Microsoft word - practice leaflet a4 june 2009

30 Lockwood Road, Beverley. East Yorkshire. HU17 9GQ Telephone: (01482) 888690 Fax: (01482) 888689 Internet Site at Bsc MB ChB DA DCH DFFP MRCGP DFOM ADVDFOM The Surgery is open from 8am to 6pm Mon to Friday* ** Joint Rapid Access Clinic – where Doctor and Nurse work together operates on most Tuesday & Thursday mornings – Please ring to confirm. *Occasionally the surgery will close for the afternoon for staff training – details will Firstly, can I welcome you to the surgery on behalf of Dr Clayton and Dr Williams. We are a small practice with two part-time GP’s. We try very hard to provide a personal service with the emphasis on high quality clinical care. It is our aim to provide the best possible standards of service and care to our patients within the time limitations of the National Health Service; to be honest with you; to maintain our skill through regular training and to provide a welcoming and friendly service. Our current appointment system to see a doctor, requires patients to telephone the surgery from 8am on the day that an appointment is required in order to book an on the day appointment, it is not currently possible to make an appointment in advance. However, where medical circumstances dictate the doctor will call patients back for a review as required. Since we usually only have one doctor on duty at any one time there can be potential problems in achieving appointment times that suit patients with other commitments. Please be aware that this is a limitation of smaller surgeries. We accept that some of the larger surgeries offer more flexibility with this regard and therefore, we try to make it clear at the outset what our limitations may be. The catchment area of this practice is deliberately geographically small to ensure that we can provide appropriate clinical care to all our patients and our practice list is currently open to new patients from Lockwood Road estate, Rowan Avenue estate and Leconfield. We will endeavour to provide you and your family with excellent clinical care and we are always happy to receive feedback from you. About Us The Surgery premises were purpose-built in 1997 with the help of East Riding Health Authority. Particular attention was paid to providing good facilities for the elderly and disabled. There is a large, free car park and child – friendly waiting area. The Doctors Dr Guy Clayton (male) MBChB DA DCH DFFP MRCGP DFOM ADVDFOM Qualified in Manchester (UK) in 1989 Dr Dafydd Williams (male) BMedSci BM BS. Qualified in Nottingham (UK) in 1982. Special interests include care of patients with diabetes mellitus and sports injuries. The Nursing Team Rachael Byas (female) Nurse Practitioner - Monday, Tuesday & Thursday’s Wendy Stabler (female) Childhood Immunisations Nurse - Thursday 9am to 11am The District Nurses (Based at Manor Road Health Centre, Beverley) Sue Gridley (female) & Amanda Clark (female) - Community Staff Nurse The Health Visitors (Based at Manor Road Health Centre, Beverley) Pippa Dixon (female) The Midwife Alison (female) Friday 1.30 to 3.00 pm The Phlebotomist (Takes Blood Samples) Barbara Smith (female) Wednesday 8.30am to 12noon The Practice Manager John Ledger The Admin Team Ann – (Secretary / Receptionist), Mary – (Admin / Receptionist), Kathy, Mary, Pat and Vera (Receptionists) Alternative Practitioners (Private) Some alternative practitioners work from the surgery – for further details including charges and how to book their services please contact reception. How To Register As A Patient We accept new patients living in the practice catchment area and spouses / siblings of existing patients registered with another local doctor. Please bring your medical card (if you can find it) or simply pick up a registration for from reception. It is perfectly acceptable for members of the family to be registered with different surgeries. From 1 April 2004 you will be registered with the practice rather than an individual doctor. You have the right to express a preference to see a particular doctor and we will make every effort to comply with this request. How To Make An Appointment Please note that appointments can not currently be booked from the web site. To See the Doctor - Telephone the surgery after 8.00am on the day that you would like the appointment to see the doctor. We will endeavor to see all genuinely urgent cases on the same day, but need your cooperation (and honesty) to ensure these limited appointments are fairly allocated. Please note it is not currently possible to make an appointment in advance. The early morning surgeries are designed for those who have difficulty attending at other times, especially those who work full time. On Joint Rapid Access mornings (currently Tuesday & Thursdays – please telephone first to confirm) the nurse will triage all patients in the order that they arrive and refer through to the doctor where appropriate. To See the Practice Nurse, Phlebotomist or Midwife:- Telephone the surgery anytime between the hours of 8am and 6pm Monday to Friday to make an appointment. Appointment Times Telephone Advice Telephone advice can usually be given by the duty doctor between 11.30am and 12.30pm. You may be asked to phone back or leave a contact number. Alternatively, NHS Direct operates a 24 hour service on Tel: 0845 46 47 Repeat Prescriptions Repeat prescriptions can be requested by either ordering online over the internet from our website @ (then click on ‘order online’ on the left of the screen), completing the right hand side of your prescription and faxing to 01482 888689 or handing the repeat prescription slip in at the surgery. To order your repeat prescriptions on the internet you will need a registration form which has to be issued by the practice – please ask at reception. Please allow 48 hours before collection. These can be passed directly on to Molescroft pharmacy (the nearest), posted back to you (if you provide a stamped addressed envelope) or collected from the reception desk. Some items e.g. Calpol, head lice treatments and cold sore creams can be purchased over the counter from the pharmacy. Periodically you will be asked to attend for a medication review to ensure that your medications are still appropriate for your condition. Antibiotics are rarely prescribed over the telephone. Medication Reviews If you are receiving repeat medication you will be required to have a medication review every 6-12 months depending on the medication you are on. This is important, and to ensure that the medication is working correctly (or is not causing a reaction) and for the clinician to assess whether other medication is still appropriate for you. When your medication review is due, a reminder will show on your prescription counterfoil. Please make an appointment with the Practice Nurse. Important: If you do not attend a medication review when requested the practice may only produce weekly prescriptions until a medication review has been performed. In An Emergency Telephone (01482) 888690. Have a pen and paper ready out of hours and at weekends as our answer phone will provide details of the out of hours services currently in place. East Riding of Yorkshire Primary Care Trust, Health House, Grange Park Lane, Willerby. HU10 6DT. Tel:01482-650700 is responsible for the commissioning of the GP Out of Hours Service. Your call may be recorded and you may receive advice or be asked to attend the Local walk-in Centre at Westwood Hospital, Beverley. This service is closely monitored and should only be used in a genuine emergency. To ring the out of hours service directly Telephone 0845 056 8060. For Life Threatening Emergencies E.g. Severe breathing difficulties, choking unconscious patients and those possibly suffering a heart attack, please call 999 for an ambulance. NHS Direct Telephone: 0845 46 47 for 24 hour advice from NHS direct. Online: HELPING US TO HELP YOU Please respect the following ground rules: - Only one patient per appointment please - Most appointments are for a maximum ten minutes. Please ask for additional appointments if you have several problems - Surgeries may run late through no fault of the doctor or receptionist - Receptionists are not allowed to give priority to patients except for genuine medical reasons following discussion with the doctor - At busy times, demand for appointments may exceed supply - Please therefore, be courteous and patient with all of our staff. We Home Visits Home visits are almost exclusively reserved for the house bound, disabled and frail elderly, due to the extra time that these incur. If you do need a home visit, please phone the surgery before 10am and be prepared to give the receptionist as much detail as possible. The final decision to visit will be at the discretion of the doctor and can only be for medical reasons rather than convenience or transport difficulties. The Services We Offer New Patients Checks All new patients are encouraged to attend for a new patient check, usually with the practice nurse. This simple check enables us to summarise current and previous relevant health problems and organize appropriate follow up. It also provides us with an opportunity to get to know you. Please bring any vaccination details, along with a fresh sample of urine for testing. Antenatal Care Provided jointly by the doctors during normal surgery hours and by the midwife who runs a clinic on Friday from 1.30 to 3.30pm. Contraceptive Advice Is free, confidential and provided by all doctors and nurse practitioner during normal surgeries. Sexual Health Initiatives within General Practice – Health 4 U We participate in the Condom/Pregnancy Testing Scheme initiative developed to provide free condoms and pregnancy testing for the under 20’s We operate our own Health 4 U drop in clinic for young people combining free, friendly and confidential chat, general contraceptive advice, pregnancy testing, free condoms and advice and support to help quit smoking in association with CHUCK IT. Emergency Contraception Can be provided in the surgery up to 72 hours after unprotected intercourse and will normally be given a ‘Same day’ appointment. At weekends and Bank Holidays please contact the Out of Hours Emergency Doctors Service who can provide similar advice during normal pharmacy opening hours. Smears / Breast Examination Smears are usually undertaken by the Practice Nurse. A chlamydial swab may be offered at the same visit as an additional screening test for this silent and potentially serious infection. Travel Vaccinations inc. Malarial Avoidance Advice Can be discussed and planned with the practice nurse. You will need to pay for certain items. Please note we are NOT a Yellow Fever Vaccination Centre. Tetanus Vaccination Last for 10 years and should be kept up to date. A total of 5 in a lifetime are generally felt to offer long-term immunity. Flu Vaccines / Pneumonia Vaccinations These are generally recommended for the over 65’s (especially in residential or nursing home care), those with chronic lung, heart or kidney problems, diabetes or an absent spleen. Each Autumn the practice runs a flu campaign for ‘at risk’ patients. Child Health Clinics The Health Visitors team currently run a drop in clinic at Beverley Leisure Complex from 12 to 1pm on Fridays contact Jane Weatherston, Health Visitor on 01482 335067 or Cate Gillingwater, Community Development Coordinator on 01482 392534 for further information and other clinic times. Over 75 Checks These are offered to this age group on an annual basis with the doctor or practice nurse. Other Services Health Promotion and treatment of temporary visitors / tourists. Also high blood pressure, heart, asthma and diabetes clinics. Requests for non-NHS examinations / medical reports / form and certificate completion In line with other surgeries, we charge a fee as suggested by the BMA and displayed in the reception area. Confidentiality, Security and the Data Protection Act We are always careful to preserve patient confidentiality and keep all medical information as secure as possible. As a patient, you have certain rights with respect to the security of your medical records and any computerised data about you which is held by us; you also have certain rights of access to it - please ask for more details of this if necessary. As part of the provision of health care, we store and process patients’ medical records for all types of routine and emergency care. The processing of medical records may include administration, claiming and verification of NHS or other fees payable to the surgery, financial recording, audit, training and research. GP surgeries are obliged to exchange information about patients with other Health Departments and Government Agencies including certain statutory disclosures relating to infectious diseases. These may or may not be anonymous but for certain specific Health Service functions identifiable information is exchanged. The Data Protection Act gives patients certain rights to know what data is being exchanged and also to be excluded from some data exchanges (except statutory), including the anonymous ones. If you wish further details about any of these things, please ask to speak to the Practice Manager. Further details about local services: Details of primary medical services in this area may be obtained from East Riding of Yorkshire Primary Care Trust, Health House, Grange Park Lane, Willerby. HU10 6DT. Tel: 01482 650700. Medical Certificates for Illness The Law says that you can self certify your sickness absence for the first 7 days of illness. These forms are obtained from your employer or the local social security office. NHS Sickness Certificates are issued after the first 7 days and cannot usually be issued without a face-to-face consultation with the doctor. Sick notes also cannot usually be backdated. In A Bereavement 1) Telephone the doctor, who will need to confirm the death, and under certain circumstances may need to report the matter to the coroner 2) Collect death Certificate from hospital; 3) Take this to the registrar; 4) Take form to funeral director The Patient – Surgery Partnership Relies on mutual respect, goodwill and patience Please: - Cancel unwanted appointments - Treat all staff with courtesy - Accept there are time constraints on the NHS – we may not be able to offer an appointment at a convenient time for you We Cannot: - Offer home visits on demand - Accommodate excessive demands - Tolerate threats or abuse - Cure everything - Prioritize patients except for medical reasons - Be in two places at once - Under certain exceptional circumstances we reserve the right to remove patients from our list as a last resort. Help us to help you – We are human too! Miscellaneous Chaperones Chaperones are available if the doctor needs to perform an intimate examination. These save embarrassment for patients and protect both patients and doctors alike. Please ask if you have any questions or concerns. Training The practice may close on some afternoons per month to enable training and updating of staff. This enables us to keep up to date with the latest advances in the delivery of care. Emergency cover only will be provided on these afternoons. Students Occasionally students may be attached to the surgery to gain medical or work experience, whilst we are grateful for any input you feel able to give there is no obligation whatsoever to allow them to be present during a consultation. Students are bound by the same strict rules on confidentially as all of our staff. Complaints / Compliments Whilst we all endeavour to do our best, there are limits on the time and resources available within the NHS. A copy of our complaints procedure can be obtained from the reception, if you feel that our service has failed to match our aspirations. Compliments are also gratefully received and a suggestion box is located in the waiting room. The healthy limits on alcohol are 21 units per week in women and 28 units per week in men. One unit of alcohol equals half a pint of lager or beer, a small glass of wine or a single measure of spirits. Binge drinking in particular can cause liver damage and people under the age of 18 are particularly sensitive to this. Some patients have a particularly severe allergic reaction to certain substances e.g. peanuts or bee stings. If you do have a tendency towards any of these reactions, which include facial swelling or breathing difficulties, please do ask the Doctor for advice. We would recommend that you carry an emergency adrenaline pen and a Medic Alert or similar SOS bracelet informing others of your condition. Antibiotics can have many side effects including Thrush, Diarrhoea and occasionally allergic reactions that can be severe. Antibiotics will not treat all infections but simply those caused by bacteria. There is particular concern that “Super Bugs” should not be allowed to flourish by the inappropriate or excessive prescribing of antibiotics. Please therefore be aware that it may not be in your best interest to receive an antibiotic. We are pleased to offer further written information if required. Asthma is especially common in younger children any may present with a night cough only or wheezing with exercise. If you are treated with an inhaler, please ensure you have a regular check-up with the Practice Asthma Nurse to ensure you are using these correctly. Minor modifications to the inhaler techniques may make an enormous difference to symptom control. For asthmatic children, putting the soft toys which share the child’s bed and the pillow in the freezer once a week dramatically cuts down the number of dust mites they contain. It is also important to use the preventer inhaler and spacer device if prescribed. The peak flow meter gives a very good indication of asthma control. The best advice is to eat plenty of fresh fruit and vegetables, cut down on your fat intake, use low fat spreads and choose wholemeal bread instead of white. Drinking at least 2 pints of water per day, reducing your salt intake and not overcooking vegetables will also help (over cooking vegetables causes a huge loss of minerals and vitamins). Back pain is extremely common and can be avoided by lifting with a straight back and regular exercise eg. swimming, to keep the spine well supported by good muscles. Sciatica presents with electric shock type pains down the back of the legs. Other causes may simply cause localised spasm. Treatment with Paracetamol, local heat and massage may help. Seek help if the pain is not settling within a few days or if you develop any numbness or weakness of the lower limbs. Numbness around the groin, genitalia or back passage requires urgent advice. We advise ladies that they examine their breasts regularly for lumps and bumps. Women over the age of 50 should automatically receive appointments for Mammograms every 3 years. If you do feel a lump, seek help early. This is particularly important if there is a strong family history of breast cancer in an immediate relative. Fortunately, most breast lumps are entirely benign and reassurance is all that is required. Regular examination of yourself helps you to exclude normal breast tissue from abnormal lumps. Treatment – Apply large quantities of cold water to the affected area as soon as possible and maintain this for at least 15 minutes. Afterwards, apply a clean dry dressing and seek further help if there is evidence of blistering or persisting inflammation. Significant burns or scalds may require treatment in the Casualty Department. Most chest pains are entirely innocent however you should seek help for the following:- Severe crushing chest pains associated with feeling sick, unwell and sweating. This could signify heart problems and you should seek advice urgently or call an Ambulance by dialling 999. Sharp pains associated with coughing, shortness of breath or the coughing of blood. Early advice should also be sought for these especially if you are a young women on the oral contraceptive pill or have a swollen painful calf or leg. Innocent chest pains are generally sharp, short lasting and made worse by squeezing one particular side of the chest. If in doubt, please seek help. The main reason for testing blood cholesterol levels is to detect the approximately 1 in 500 people who suffer from particularly high cholesterol levels secondary to abnormal handling in the body of cholesterol. The people may have yellow elevated patches around the eyelids and / or a strong family history of heart disease in close family members before the age of 55 years old. The vast majority of us have levels which hover around the normal range and can be improved by lowering saturated fat in the diet, increasing intake of fish and considering modifying margarine intake from the usual type to either Benecol or Flora Activ. Those with diabetes, established heart disease, a family history of very high cholesterol levels or high blood pressure tend to be monitored more closely, and tablets can be commended if their cholesterol levels are too high. Unfortunately there is no magic cure for the common cold which usually presents with a running nose, high fever and joint aches. Clear fluids, regular Paracetamol and rest should generally cause the symptoms to settle over 48 hours. Antibiotics will not have any affect on a viral infection. It is vitally important that any sexually active woman is using reliable contraception. This is particularly important for younger people who are extremely fertile. Advice can be given by the Doctor, Nurse or at the Family Planning Clinic locally. All advice is entirely confidential. You can ask for emergency contraception within 72 hours of unprotected intercourse. The use of additional condoms may also significantly reduce the risk of sexually transmitted infections including HIV. If in doubt, please do not be afraid to ask. This is extremely common and usually down to a diet lacking in fibre or enough clear fluids. If the history of constipation is short, extra fluids, Lactulose and an increased fibre intake will normally clear the problem. Seek help if the constipation persists for more than 2 weeks or is associated with abdominal pains, bleeding from the bottom or a loss of weight. Rectal bleeding in particular should always be assessed by a Doctor to exclude more sinister cause. Offensive diarrhoea associated with colicky abdominal pains is a common feature of gastroenteritis. This is usually viral in nature and self-limiting. Try to replace the fluid loss by drinking large quantities of clear fluids. Flat lemonade or coca-cola (the full sugar version!) when diluted 50/50 with water make a palatable alternative to the rehydration salts e.g Dioralyte. Milk is best avoided for at least 24 hours. Seek advice if the patient is particularly unwell, passes blood in the motions, has constant rather than colicky abdominal pains, is becoming lethargic or dehydrated or seems not to be improving with fluids alone. Vomiting commonly accompanies the diarrhoea of gastroenteritis but when present by itself, may represent other illnesses. Seek advice in any particularly unwell patient presenting with persistent vomiting. Earache is particularly common in younger children and is usually caused by a self-limiting viral infection of the middle ear. Give the child Paracetamol suspension and wait 1 – 1½ hours. Antibiotics will only cure a small proportion of these infections since most are viral. Seek help if either the symptoms persist, the child becomes unwell or there is profuse discharge from the ear. This is extremely common, especially in young children. The condition is caused by a tendency to dry skin, which can be aggravated by the excess use of soaps or contact with chemicals. Reduce bathing to 2 or 3 times per week and use regular emollients rather than soap. Steroid creams can be used for short periods only but can damage the skin in long-term use. Occasionally, a low-grade infection can cause particularly resistant patches. If in doubt, please ask for advice, as eczema is one of the easier skin conditions to treat. High temperatures in children are not necessarily associated with significant underlying infections. If your child is hot, remove the outer clothing and consider tepid sponging of the skin. As a rule of thumb, a child should be much happier 1½ hours after a full dose of paediatric paracetamol (Calpol or Disprol). Even very high temperatures should respond well to this. If you have any concerns, especially in very lethargic children, children who vomit repeatedly, have offensive urine, are panting for breath or have any purple spots at all on the skin (which do not blanch with light pressure from a clean glass) then seek medical advice quickly. In order to avoid deep vein thrombosis, it is advised that patients drink plenty of non-alcoholic drinks when flying, move the legs frequently to keep blood pumping around them and if possible walk up and down the plane corridor at least once per hour. Provided that you do not suffer from allergies, stomach ulcers or medication induced asthma, taking a junior aspirin once daily for 2 days before the flight may also help to reduce the incidence of clots. Children should not take aspirin under the age of 16. If in doubt, please ask the Doctor or Pharmacist. High blood pressure is extremely common and very easy to treat. It may present with no symptoms at all and we would recommend that all patients have their blood pressure routinely checked at least once every 2 or 3 years. If you are diagnosed with high blood pressure, it is particularly important you have this checked every 3 to 4 months with the Practice Nurse and see the Doctor annually. Losing weight, reducing the salt in your diet and exercising regularly can all help to reduce your blood pressure however please do not stop any medications prescribed without the agreement of the Doctor treating you. These tiny creatures prefer clean heads and are therefore not a sign of poor hygiene. Previously medicated head lotions were used but now it is generally accepted that regular combing with a special nit comb is safer and cheaper. Please ask the Pharmacy for advice if you have concerns. Please be aware that many young people will be approached by someone selling illicit drugs. Many can be extremely dangerous and it is important that anyone taking drugs is well aware of the potential dangers. If you have concerns about yourself or your family taking drugs, please ask for advice. We would recommend that all parents discuss the dangers of drug use With their children from an early age as openly and frankly as possible. You may be embarrassed to discuss this subject but your Doctor won’t be ! Please do seek help if you are having difficulties, whatever your age. Bee stings should be scraped away rather than plucked from the site in order to avoid squeezing the contents of the venom sac into the wounds. Antihistamine tablets can reduce the inflammation and Paracetamol generally relieves the pain. Seek help if the patient develops any breathing difficulty or tongue swelling shortly afterwards. Wash the wound thoroughly with clean water and soap if there is likely to be contamination. Press a clean dry dressing on the wound for around 5 minutes if there is residual bleeding. Afterwards cover with a clean dry dressing. If the wound is gaping, seek further advice. The elderly may sustain flap lacerations of the shins, which will need assessing in the Casualty Department. Sit the patient in a chair, leaning forward slightly with the mouth open. Pinch the nose just below the bone for approximately 10 minutes by which time the bleeding should have stopped. If symptoms persist, please consult your Doctor or the Casualty Department. Please seek help with any of the following:- Burning on passing urine, blood in urine, bedwetting at any age, any type of incontinence including with coughing and sneezing or difficulty in passing a good stream of urine in older men especially. A blood test is available to test for one of the markers of potential prostate cancer. Use of this test is controversial but is available on request. It is particularly useful for men over the age of 50 with a family history of either breast or prostate cancer in an immediate relative. This test may also be performed if you notice blood in the urine or note difficulty in passing urine. A poor stream of urine and frequently needing to get up at night time to pass urine are reasons to see your family doctor. Further information leaflets on this are available at the surgery. Most rashes are very minor in nature and self-limiting. The exceptions include purple, bruise like rashes, particularly in hot and unwell patients. Blistering rashes may also cause concern. If the rash is pink, blanches easily on light pressure e.g with a clean glass, and the patient is very well, no further action need be taken. Some of these rashes are caused in association with viral illnesses. If the rash appears within 2 weeks of an antibiotic, please inform the Surgery in case a drug allergy is the cause. Bleeding from the back passage generally does require assessment from a doctor. In the vast majority of cases, the cause is a simple haemorrhoid or tear around the anal region following constipation. This type of bleeding tends to be bright red and on toilet paper. Rectal bleeding associated with a change in bowel habits, occurring on several occasions or mixed in with a motion passed are all reasons to seek further help especially if there is a family history of bowel cancer or inflammatory bowel disease in a near relative below the age of 50. Patients’ main fear is of bowel cancer and although a significant condition, an early diagnosis results in a very high cure rate. Please therefore ask early rather that fret at home! Most moles are entirely innocent but you should report any enlargement, itching or bleeding in a mole. Keep covered up in the sun or use a high factor sun cream, especially for children and those with fair skin. Most sore throats are caused by a viral infection and will settle without treatment. Seek help if the patient is particularly unwell, for example with shivering and swollen neck glands. A small proportion of throat infections will respond to the treatment with an antibiotic if symptoms are persisting for more than 48 hours, but these are not given routinely as inappropriate use can cause many additional problems including the development of “super bugs” and allergies. Best avoided by wearing a baggy tee shirt and hat that covers the back of the neck particularly. Treat as other burns with cold water to remove the heat. Calamine lotion can relieve the irritation and paracetamol acts as a good painkiller. Children particularly are susceptible to skin damage and care should be taken to avoid over exposure to the harmful effects of the sun. Seek advice if you have any doubts. Each cigarette you smoke is estimated to reduce your lifespan by approximately 5 ½ minutes. Smoking can also cause impotence, lung cancer, bronchitis, heart disease, facial cancers and loss of limbs. Motivation is very important and help can be obtained from the Practice Nurse, Health Visitor or Doctor. For some patients, Zyban or Nicotine Replacement patches can be used successfully. Using the money saved for treats can be more effective. Two foreign holidays a year may compensate for the loss of enjoyment of smoking ! We would advise all young men in particular, to check their testicles regularly for any change in size, texture or specific lumps. These may be entirely symptom free otherwise. If in doubt, please ask for further help. We would recommend a regular check-up eg. on a monthly basis in the bathroom! If you have flu-like symptoms and have recently returned from Mexico or another affected area, or been with someone who has, stay at home and contact your GP or NHS Direct on 0845 4647. Do not go into your GP surgery, or to a hospital, as you may spread the disease to others. Remember, preventing the spread of germs is the single most effective way to slow the * Ensure everyone washes their hands regularly with soap and water * * Use tissues to cover your mouth and nose when you cough or sneeze * Place * You can also prepare now in case the swine flu becomes widespread by: * Establishing a network of ''flu friends'' - friends and relatives - who can help if you fall ill. They could, for example, collect medicines and other supplies for you, so you * Having a stock of food and other supplies, including basic cold remedies, available at home. This should be enough to last two weeks, in case you and your family are ill. Patient Information Leaflets are available from the link on our website @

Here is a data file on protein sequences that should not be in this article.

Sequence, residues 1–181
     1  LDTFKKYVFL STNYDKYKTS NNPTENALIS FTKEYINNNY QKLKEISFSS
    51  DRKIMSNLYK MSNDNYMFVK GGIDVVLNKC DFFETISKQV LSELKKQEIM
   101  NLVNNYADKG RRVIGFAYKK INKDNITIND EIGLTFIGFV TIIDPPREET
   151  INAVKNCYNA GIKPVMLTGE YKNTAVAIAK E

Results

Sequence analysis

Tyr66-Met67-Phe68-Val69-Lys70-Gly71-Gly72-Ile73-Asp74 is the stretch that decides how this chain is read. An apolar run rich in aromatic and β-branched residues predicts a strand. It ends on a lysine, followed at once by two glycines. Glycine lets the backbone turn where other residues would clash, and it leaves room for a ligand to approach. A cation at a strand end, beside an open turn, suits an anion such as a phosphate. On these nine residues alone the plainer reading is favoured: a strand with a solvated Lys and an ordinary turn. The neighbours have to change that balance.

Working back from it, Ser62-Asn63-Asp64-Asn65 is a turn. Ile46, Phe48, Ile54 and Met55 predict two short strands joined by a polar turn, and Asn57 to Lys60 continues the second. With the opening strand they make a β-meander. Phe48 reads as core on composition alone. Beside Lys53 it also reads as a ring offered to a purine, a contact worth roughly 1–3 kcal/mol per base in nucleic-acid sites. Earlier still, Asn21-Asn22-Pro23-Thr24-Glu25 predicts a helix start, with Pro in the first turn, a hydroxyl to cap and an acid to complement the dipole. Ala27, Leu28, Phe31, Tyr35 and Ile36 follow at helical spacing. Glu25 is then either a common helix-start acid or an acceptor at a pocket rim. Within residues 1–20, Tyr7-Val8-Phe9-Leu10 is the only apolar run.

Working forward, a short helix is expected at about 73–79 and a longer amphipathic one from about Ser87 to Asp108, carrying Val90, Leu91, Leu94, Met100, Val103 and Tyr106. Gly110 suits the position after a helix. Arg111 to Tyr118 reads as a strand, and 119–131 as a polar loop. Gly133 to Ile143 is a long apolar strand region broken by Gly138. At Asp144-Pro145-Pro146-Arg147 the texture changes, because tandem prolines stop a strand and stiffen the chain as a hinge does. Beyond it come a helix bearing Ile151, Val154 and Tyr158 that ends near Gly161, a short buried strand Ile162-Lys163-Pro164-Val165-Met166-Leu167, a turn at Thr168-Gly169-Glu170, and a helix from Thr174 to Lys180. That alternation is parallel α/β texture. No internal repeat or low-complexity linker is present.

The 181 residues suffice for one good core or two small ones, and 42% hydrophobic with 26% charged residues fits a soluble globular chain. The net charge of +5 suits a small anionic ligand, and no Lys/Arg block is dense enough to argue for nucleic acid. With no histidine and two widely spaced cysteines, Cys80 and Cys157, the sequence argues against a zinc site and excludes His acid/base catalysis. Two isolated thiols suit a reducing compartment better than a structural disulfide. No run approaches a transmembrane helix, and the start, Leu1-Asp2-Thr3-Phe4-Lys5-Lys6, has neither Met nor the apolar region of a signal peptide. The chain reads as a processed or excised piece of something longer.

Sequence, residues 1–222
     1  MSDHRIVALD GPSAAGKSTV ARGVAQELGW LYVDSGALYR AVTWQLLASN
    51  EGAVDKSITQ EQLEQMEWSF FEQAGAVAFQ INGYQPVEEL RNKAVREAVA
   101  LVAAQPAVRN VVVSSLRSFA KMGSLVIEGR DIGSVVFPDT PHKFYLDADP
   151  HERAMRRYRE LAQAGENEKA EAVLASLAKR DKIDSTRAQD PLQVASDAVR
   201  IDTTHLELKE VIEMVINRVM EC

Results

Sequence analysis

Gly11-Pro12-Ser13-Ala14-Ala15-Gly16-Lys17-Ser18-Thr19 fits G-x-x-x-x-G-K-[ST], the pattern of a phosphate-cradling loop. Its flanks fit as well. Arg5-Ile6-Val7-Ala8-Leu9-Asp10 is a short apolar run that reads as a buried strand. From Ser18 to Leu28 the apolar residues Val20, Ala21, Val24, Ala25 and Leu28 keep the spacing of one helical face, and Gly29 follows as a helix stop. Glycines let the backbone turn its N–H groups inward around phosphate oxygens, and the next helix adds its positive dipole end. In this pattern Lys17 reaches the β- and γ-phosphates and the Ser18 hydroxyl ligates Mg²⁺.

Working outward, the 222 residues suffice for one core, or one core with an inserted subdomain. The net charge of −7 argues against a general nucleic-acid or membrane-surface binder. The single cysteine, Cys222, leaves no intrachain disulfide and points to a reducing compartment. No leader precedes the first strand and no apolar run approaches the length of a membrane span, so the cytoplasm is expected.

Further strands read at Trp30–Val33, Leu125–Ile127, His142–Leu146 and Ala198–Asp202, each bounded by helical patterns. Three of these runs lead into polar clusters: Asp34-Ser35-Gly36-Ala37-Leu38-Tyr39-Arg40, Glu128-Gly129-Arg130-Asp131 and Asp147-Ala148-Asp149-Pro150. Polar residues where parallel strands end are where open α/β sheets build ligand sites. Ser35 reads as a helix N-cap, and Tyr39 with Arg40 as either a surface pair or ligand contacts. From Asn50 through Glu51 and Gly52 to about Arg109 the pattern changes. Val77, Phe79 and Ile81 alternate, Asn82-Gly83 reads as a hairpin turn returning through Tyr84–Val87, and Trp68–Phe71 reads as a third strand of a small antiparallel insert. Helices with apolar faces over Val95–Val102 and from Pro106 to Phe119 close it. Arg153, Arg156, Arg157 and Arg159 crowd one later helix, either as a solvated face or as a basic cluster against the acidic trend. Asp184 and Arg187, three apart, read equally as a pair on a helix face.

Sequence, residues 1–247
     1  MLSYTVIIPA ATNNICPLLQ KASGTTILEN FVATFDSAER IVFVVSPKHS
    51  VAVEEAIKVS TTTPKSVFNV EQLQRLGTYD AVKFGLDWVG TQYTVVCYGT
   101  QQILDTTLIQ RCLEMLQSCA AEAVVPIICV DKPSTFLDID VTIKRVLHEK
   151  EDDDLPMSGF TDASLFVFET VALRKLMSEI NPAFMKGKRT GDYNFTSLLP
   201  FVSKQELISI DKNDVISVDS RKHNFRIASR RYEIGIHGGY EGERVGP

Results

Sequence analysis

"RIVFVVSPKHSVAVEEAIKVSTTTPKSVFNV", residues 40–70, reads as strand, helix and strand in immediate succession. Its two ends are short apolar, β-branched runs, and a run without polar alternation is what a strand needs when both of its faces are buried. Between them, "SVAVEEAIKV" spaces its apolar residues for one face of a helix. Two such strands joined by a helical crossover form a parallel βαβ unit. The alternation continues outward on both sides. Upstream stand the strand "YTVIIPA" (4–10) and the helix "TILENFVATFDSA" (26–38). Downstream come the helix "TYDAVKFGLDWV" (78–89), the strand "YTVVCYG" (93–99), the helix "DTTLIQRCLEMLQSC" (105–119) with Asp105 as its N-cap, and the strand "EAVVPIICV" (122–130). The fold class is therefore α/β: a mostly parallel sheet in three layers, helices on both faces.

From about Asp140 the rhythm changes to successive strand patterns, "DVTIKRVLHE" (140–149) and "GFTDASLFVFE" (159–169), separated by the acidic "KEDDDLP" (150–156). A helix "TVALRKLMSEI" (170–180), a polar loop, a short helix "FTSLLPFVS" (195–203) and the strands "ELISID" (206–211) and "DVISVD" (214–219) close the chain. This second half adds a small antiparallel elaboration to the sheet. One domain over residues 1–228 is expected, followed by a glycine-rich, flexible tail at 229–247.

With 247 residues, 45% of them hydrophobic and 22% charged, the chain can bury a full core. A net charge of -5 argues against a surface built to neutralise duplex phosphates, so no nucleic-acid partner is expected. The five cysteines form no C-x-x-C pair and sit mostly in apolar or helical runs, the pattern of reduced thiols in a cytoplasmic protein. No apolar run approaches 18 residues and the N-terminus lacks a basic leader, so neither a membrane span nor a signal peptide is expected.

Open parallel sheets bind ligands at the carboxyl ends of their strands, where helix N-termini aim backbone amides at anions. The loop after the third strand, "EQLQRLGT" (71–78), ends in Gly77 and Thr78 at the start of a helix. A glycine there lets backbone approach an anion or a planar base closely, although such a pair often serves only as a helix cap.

Microsoft word - 540.docx